ISSUE 20, January 2007
Historic: Dr Thomas Barnardo - children's saviour
Travel: South African journey
London Gala Evening: Royal Masonic Variety Show
Centenary Celebrations: Scouting's milestone
Quarterly Communication: Speech by the Pro Grand Master and Report of the Board of General Purposes
Supreme Grand Chapter: Speech by the Pro 1st Grand Principal and Report of the Cttee of General Purposes
Library and Museum: Facets of Fraternity
   Specialist Lodge: Internet Lodge - Masonry on the Web
Special Events: Spamalot and the Alternative Hair Show at Grand Lodge
Freemasons' Hall: ADelphi System - A computer revolution
Mark Master Masons: Duke of Kent at 150th anniversary
Breeches Bible: A Lodge locker's secret
Masonic Arboretum: Planting an idea
Education: Events and The hoodwink
Masonic Charities: RMTGB and Grand Charity and Legacy appeal and RMBI and NMSF
Letters, Book reviews, Gardening

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    A comparison between theology and Freemasonry is worth a mention here. A Freemason’s darkness indicates only a helpfulness to emphasise the worth of knowledge. In a Freemason’s Lodge it is not used to emphasise a moral regeneration.
    A candidate for Freemasonry is already a moral individual or he would not be an Initiate! Interestingly, there is a particularly appropriate extract from Isaiah which exclaims:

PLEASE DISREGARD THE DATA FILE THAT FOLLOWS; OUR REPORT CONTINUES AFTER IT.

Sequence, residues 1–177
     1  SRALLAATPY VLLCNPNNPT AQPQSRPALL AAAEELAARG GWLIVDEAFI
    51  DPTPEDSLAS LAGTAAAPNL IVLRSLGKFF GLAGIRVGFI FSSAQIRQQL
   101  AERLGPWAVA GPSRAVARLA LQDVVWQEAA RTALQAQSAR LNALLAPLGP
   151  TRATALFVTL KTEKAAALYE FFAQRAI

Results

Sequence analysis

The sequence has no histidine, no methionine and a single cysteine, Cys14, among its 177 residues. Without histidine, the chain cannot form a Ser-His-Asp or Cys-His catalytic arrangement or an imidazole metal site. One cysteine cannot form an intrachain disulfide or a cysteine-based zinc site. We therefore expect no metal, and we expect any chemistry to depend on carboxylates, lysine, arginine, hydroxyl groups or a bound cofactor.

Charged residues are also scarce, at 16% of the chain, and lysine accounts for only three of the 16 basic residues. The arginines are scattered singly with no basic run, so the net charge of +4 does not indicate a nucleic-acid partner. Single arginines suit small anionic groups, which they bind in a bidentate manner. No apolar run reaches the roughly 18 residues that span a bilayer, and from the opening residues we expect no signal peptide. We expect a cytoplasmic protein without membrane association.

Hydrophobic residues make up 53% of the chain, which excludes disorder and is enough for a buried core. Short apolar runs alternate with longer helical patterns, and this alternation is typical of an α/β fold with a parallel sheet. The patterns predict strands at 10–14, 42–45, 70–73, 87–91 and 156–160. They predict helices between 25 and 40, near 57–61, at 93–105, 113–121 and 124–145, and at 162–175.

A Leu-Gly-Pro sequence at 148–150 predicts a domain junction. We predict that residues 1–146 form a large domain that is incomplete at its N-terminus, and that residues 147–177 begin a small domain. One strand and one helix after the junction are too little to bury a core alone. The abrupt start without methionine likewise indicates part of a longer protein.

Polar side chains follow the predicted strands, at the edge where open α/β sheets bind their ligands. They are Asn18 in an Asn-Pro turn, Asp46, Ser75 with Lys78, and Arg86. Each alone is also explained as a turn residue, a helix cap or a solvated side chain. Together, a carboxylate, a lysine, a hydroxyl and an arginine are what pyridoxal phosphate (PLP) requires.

“I will give thee the treasures of darkness and hidden riches of secret places”
    The “treasures of darkness” are those which the Initiate receives whilst he is in darkness; the hidden riches of secret places he receives later in the ceremony when he is permitted to kneel in “the secret places” of Freemasonry.
    Without darkness he could neither see nor appreciate the light. The darkness of unseeing eyes is in itself a treasure in that it teaches the lesson of dependence upon others – of friendly hands, of the eventual unveiling to come – and the unforgettable anticipation of new knowledge.
    A further reference to the scriptures is interesting when before the unveiling there is “darkness on the face of the deep”. This darkness is fully emphasised in the degree.
    “The spirit of God moved upon the face of the waters” … Here we all can recall – that never-to-be-forgotten moment when it is only by a knowledge of – and a dependence upon The Great Architect of the Universe – that illumination is possible. By this we mean Masonic illumination.
    This can only be described as the very heart of Freemasonry. Here is the great and solemn explanation of the hoodwink:
  • The anticipation of knowledge to come;
  • Its removal – a reminder of the treasures of darkness;
  • Its revelation of the hidden riches of secret places.
It is such a profoundly important moment in the life of a Freemason when, as an Entered Apprentice, he is given such a precious possession to have all his life.
    Doctor Oliver, an eminent Masonic historian, had this to say about the subject: